24 Jun Nokia boosts SDN Communications’ IP and optical networks ahead of 5G
SDN Communications has picked Nokia to upgrade its IP and optical networks ahead of its launch of 5G services. SDN Communications, which is a business-to-business service provider primarily with customers in South Dakota and southern Minnesota, is using Nokia’s Network Services Platform (NSP) to reduce costs and automate its IP and optical networks.
NSP is a software-defined networking (SDN) platform for multi-layer, cross-domain and multi-vendor management of IP routing and optical transport assets. It works by unifying service automation, network optimization and assurance across a single software platform, which enables service providers such as SDN Communications to deliver on-demand network services at scale at reduced costs.
RELATED: Nokia gears up for 400G with new WaveFabric Elements optical portfolio
Sponsored by Hewlett Packard Enterprise
Webinar: Edge Orchestration: Simplify and Accelerate Your Edge Transformation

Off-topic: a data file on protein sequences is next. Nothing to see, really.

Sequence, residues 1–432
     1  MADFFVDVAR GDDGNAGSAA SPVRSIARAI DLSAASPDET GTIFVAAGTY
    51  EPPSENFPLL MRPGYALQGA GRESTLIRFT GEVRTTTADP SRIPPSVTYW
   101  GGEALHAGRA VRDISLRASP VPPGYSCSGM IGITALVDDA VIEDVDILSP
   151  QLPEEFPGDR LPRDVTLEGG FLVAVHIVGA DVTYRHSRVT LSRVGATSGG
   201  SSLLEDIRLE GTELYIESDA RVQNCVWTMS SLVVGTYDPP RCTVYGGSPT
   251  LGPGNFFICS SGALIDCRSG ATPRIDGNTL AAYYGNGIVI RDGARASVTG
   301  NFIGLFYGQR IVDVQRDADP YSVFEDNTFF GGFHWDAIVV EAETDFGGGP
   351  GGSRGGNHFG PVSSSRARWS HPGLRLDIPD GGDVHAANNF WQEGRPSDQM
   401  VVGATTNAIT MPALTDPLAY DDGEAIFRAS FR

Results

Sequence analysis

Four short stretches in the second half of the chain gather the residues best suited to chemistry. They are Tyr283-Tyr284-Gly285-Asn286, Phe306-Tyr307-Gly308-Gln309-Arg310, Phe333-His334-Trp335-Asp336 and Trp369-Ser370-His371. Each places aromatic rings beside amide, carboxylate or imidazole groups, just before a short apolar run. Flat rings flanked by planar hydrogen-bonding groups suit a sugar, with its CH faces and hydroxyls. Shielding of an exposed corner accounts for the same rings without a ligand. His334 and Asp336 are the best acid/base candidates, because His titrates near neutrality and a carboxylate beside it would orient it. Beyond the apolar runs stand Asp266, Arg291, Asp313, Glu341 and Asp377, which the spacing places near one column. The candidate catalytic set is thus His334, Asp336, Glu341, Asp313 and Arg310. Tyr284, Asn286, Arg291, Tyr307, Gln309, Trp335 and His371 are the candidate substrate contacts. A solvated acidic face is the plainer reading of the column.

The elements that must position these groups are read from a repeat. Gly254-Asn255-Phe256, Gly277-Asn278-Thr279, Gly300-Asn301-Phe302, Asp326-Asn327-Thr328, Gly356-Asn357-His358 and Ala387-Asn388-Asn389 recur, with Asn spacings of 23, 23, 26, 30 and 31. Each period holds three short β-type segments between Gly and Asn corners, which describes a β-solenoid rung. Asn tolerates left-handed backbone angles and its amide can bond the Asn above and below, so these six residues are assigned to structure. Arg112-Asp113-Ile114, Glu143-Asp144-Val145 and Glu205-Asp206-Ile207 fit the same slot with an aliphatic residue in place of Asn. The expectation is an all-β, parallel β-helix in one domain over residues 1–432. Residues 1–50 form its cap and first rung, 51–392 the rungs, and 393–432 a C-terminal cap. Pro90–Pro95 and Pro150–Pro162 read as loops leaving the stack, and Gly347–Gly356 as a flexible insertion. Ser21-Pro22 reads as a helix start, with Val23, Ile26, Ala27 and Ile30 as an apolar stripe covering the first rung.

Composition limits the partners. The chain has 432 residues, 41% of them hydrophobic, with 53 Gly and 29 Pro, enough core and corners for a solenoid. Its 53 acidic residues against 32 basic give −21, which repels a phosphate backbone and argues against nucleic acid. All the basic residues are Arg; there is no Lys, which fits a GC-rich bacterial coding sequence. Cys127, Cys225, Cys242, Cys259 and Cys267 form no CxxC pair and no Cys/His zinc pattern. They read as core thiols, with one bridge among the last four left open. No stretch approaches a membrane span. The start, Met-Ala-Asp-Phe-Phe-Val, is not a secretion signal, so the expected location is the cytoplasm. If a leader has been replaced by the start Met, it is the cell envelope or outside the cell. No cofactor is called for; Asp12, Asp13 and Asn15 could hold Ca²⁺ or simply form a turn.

With the huge growth of data at the edge and developments in AI/ML, the next industrial revolution will be powered by edge computing. Service providers are uniquely placed to combine value-add apps, with connectivity and their central offices close to every enterprise, to deliver edge computing solutions. The key to making this successful is to ensure apps are easy to deploy and manage across distributed sites.
“SDN has long been a Nokia IP core and edge router customer and, most recently, we have expanded the work to include the deployment of a next-generation Dense Wavelength Division Multiplexing network based on the Nokia 1830 Photonic Service Switch platform,” said SDN Communications CEO Mark Shlanta, in a statement. “We have a strong investment in caring for our network, and Nokia was an ideal choice to work with us to visualize, coordinate and automate our multi-layer IP and optical network through their Network Services Platform.”
SDN is owned by 17 South Dakota independent telecommunications companies that are comprised of cooperatives, family, municipal, and tribal-owned companies. They joined their independent networks in 1989 and created SDN as a hub for long-distance service to their rural customer base.
Its fiber footprint allows file sharing and internet traffic. Additionally, SDN partners with nine southern Minnesota and one northern Iowa independent telecommunications companies.
Read more on
Sorry, the comment form is closed at this time.